Building life-sized polar bears to call attention to their plight

Polar bears are a remarkable species; they have survived numerous ice ages and evolved to become the largest land carnivores in the world, sitting at the top of the food chain in the savage but biologically rich Arctic.

In Canada, so ubiquitous is the polar bear to the country that the Canadian Toonie (two-dollar coin) features the image of a polar bear and both the Northwest Territories and Nunavut license plates in Canada are in the shape of a polar bear. It is not surprising therefore that it was the chosen mascot for the 1988 Winter Olympics held in Calgary.

However, despite thriving over many millennia and numerous changes to the planet, they are today facing their most serious challenge – the fight against extinction.  There are now only 20,000 to 25,000 polar bears remaining in the wild. Condemned by man-made climate change, and commercial hunting, there is a real chance that the polar bear will be extinct in 25 years.

So, why is the polar bear in grave danger?

It mainly faces threats such as habitat loss due to global warming and continuing human incursions into the Arctic, pollution, hunting for sport as well as trade in body parts. The bear has been hunted since times immemorial by indigenous Arctic people, including the Inuit and Eskimos in Alaska and Canada and Yupiks, Nenets, Chukchis and Pomors in Russia. But they never hunted the species in excess of their requirements.

Trouble started with white European expansion and colonisation of the Arctic which brought modern hunting practices and the notion of supply and demand of bear parts dictated by market forces. Everything has gone downhill after that.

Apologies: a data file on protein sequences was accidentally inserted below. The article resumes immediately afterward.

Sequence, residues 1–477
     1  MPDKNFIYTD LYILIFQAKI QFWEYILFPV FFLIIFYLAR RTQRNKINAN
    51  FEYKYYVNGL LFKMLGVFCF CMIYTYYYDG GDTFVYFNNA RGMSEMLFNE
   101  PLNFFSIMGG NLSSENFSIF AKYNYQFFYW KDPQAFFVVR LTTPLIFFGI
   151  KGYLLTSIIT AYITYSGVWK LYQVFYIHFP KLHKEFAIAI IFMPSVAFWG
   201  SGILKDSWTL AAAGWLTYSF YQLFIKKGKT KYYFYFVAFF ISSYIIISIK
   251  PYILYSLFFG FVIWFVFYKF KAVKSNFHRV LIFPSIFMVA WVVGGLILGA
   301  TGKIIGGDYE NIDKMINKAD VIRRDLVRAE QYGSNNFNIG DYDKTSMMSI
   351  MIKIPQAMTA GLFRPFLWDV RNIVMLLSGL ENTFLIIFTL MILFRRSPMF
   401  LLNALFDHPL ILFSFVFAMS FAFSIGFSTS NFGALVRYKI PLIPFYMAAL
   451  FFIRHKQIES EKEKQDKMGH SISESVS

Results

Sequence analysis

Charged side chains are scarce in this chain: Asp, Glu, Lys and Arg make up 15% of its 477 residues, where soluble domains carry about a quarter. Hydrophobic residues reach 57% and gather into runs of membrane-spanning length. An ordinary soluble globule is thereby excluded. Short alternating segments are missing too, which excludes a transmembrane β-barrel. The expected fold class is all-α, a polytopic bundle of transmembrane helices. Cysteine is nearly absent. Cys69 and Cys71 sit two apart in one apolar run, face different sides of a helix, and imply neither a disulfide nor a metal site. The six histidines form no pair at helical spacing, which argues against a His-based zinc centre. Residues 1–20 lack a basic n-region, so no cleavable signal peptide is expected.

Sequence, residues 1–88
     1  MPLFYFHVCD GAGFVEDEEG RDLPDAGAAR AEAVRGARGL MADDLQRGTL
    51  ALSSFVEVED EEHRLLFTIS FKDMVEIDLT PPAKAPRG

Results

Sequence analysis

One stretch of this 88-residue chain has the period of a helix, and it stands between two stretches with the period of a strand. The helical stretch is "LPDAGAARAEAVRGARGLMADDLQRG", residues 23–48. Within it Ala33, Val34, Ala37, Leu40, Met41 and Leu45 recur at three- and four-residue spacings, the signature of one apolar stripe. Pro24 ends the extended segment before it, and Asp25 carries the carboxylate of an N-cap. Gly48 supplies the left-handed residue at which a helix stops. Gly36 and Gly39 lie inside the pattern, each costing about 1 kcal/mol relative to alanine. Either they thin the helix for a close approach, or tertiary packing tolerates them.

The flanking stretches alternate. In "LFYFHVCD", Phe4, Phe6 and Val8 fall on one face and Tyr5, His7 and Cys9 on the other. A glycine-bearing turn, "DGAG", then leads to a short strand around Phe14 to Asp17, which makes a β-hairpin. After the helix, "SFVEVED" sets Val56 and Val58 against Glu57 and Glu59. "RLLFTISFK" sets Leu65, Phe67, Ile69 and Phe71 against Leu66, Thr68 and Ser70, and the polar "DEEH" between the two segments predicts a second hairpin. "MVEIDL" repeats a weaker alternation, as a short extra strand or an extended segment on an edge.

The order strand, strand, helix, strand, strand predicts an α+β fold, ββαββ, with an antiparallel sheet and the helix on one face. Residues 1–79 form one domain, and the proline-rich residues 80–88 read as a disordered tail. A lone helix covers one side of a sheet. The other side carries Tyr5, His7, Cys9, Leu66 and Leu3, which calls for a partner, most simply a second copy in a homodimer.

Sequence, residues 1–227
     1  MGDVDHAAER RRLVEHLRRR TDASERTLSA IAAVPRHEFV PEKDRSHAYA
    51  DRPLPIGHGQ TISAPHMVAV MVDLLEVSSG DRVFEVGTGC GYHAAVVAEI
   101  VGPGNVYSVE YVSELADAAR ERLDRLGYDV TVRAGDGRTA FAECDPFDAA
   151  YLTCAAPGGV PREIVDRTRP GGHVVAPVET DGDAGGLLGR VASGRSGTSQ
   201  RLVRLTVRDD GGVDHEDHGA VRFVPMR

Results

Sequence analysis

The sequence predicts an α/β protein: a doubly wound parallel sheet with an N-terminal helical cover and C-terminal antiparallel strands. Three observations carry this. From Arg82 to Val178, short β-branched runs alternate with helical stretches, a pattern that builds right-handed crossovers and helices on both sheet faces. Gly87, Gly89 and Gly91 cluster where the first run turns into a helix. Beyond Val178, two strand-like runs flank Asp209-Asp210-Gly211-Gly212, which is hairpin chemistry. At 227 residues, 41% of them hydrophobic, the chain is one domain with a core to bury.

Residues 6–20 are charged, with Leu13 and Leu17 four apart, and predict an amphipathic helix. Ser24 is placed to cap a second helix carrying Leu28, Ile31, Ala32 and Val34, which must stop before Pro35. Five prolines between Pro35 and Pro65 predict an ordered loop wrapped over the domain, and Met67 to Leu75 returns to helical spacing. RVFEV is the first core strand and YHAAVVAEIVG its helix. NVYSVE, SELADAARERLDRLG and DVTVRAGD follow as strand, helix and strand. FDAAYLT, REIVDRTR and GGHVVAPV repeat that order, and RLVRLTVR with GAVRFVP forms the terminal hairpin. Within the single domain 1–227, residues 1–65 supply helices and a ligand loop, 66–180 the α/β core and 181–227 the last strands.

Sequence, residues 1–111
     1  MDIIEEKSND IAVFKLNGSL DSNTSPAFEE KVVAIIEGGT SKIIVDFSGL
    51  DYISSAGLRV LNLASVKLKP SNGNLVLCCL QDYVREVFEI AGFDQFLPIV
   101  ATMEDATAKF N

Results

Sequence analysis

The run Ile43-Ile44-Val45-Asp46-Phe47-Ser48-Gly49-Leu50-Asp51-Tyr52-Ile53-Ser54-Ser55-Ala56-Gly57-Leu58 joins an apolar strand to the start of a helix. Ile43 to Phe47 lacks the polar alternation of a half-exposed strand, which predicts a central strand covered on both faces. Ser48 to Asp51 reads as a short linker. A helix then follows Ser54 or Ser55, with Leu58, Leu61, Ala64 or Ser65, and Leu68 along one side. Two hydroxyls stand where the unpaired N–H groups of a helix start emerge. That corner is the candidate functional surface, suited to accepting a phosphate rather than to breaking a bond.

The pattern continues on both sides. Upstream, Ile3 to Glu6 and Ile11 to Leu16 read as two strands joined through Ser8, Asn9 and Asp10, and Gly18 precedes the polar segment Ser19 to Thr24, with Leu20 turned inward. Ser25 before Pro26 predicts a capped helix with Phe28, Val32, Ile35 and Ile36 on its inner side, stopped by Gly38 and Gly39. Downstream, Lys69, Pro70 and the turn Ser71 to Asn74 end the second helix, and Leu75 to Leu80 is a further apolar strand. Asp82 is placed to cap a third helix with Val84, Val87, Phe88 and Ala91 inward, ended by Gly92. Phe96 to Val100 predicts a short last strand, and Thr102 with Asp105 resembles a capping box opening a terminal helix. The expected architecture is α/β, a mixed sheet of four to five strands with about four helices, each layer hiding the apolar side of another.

In response to this crisis, Patrick Vossen, manager of Belgium design firm Axis 71, has decided to raise awareness of polar bears and support IFAW’s efforts to protect the species. His company has designed and build life size adult polar bears ((1900x1150), along with baby polar bears (640x460). These bears are to be sold with some of the proceeds used to support IFAW’s conservation efforts.

Mummy Bear

Baby Bear

My Baby Bear Plate

The design of these sculptures is striking – simple yet spectacular. Vossen went on to say, “It is time to act now, to protect our bears and preserve our planet for the generations to come.”

This joint awareness project comes soon after a disappointing global decision on the protection of polar bears; despite its strong links to polar bears - the Canadian government seems to have abdicated responsibility for their protection. At the most recent CITES meeting it succeeded in derailing the protection of polar bears.  

What this will mean for the possibility of greater protections for polar bears at the next CITES Conference in 2016 is unclear, but signs are discouraging.

Unfortunately also EU countries like the Netherlands, Portugal and the UK supported by South Africa, Mexico (all entities that opposed greater protections for polar bears at the last Conference) have left the bears in the cold…

As we begin the homestretch to the next CITES Conference of the Parties, awareness raising efforts such as these will play a role in ensuring governments take responsibility for the survival of this species.


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Azzedine Downes,IFAW President and CEO
President and Chief Executive Officer
Céline Sissler-Bienvenu, Director, France and Francophone Africa
Director, France and Francophone Africa
Dr. Elsayed Ahmed Mohamed, Regional Director, Middle East and North Africa
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Dr. Maria (Masha) N. Vorontsova, Senior Advisor to the IFAW Marine Conservation
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Faye Cuevas, Esq.
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Grace Ge Gabriel, Regional Director, Asia
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Staci McLennan, Director, EU Office
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Tania McCrea-Steele, Project Lead, Global Wildlife Cybercrime
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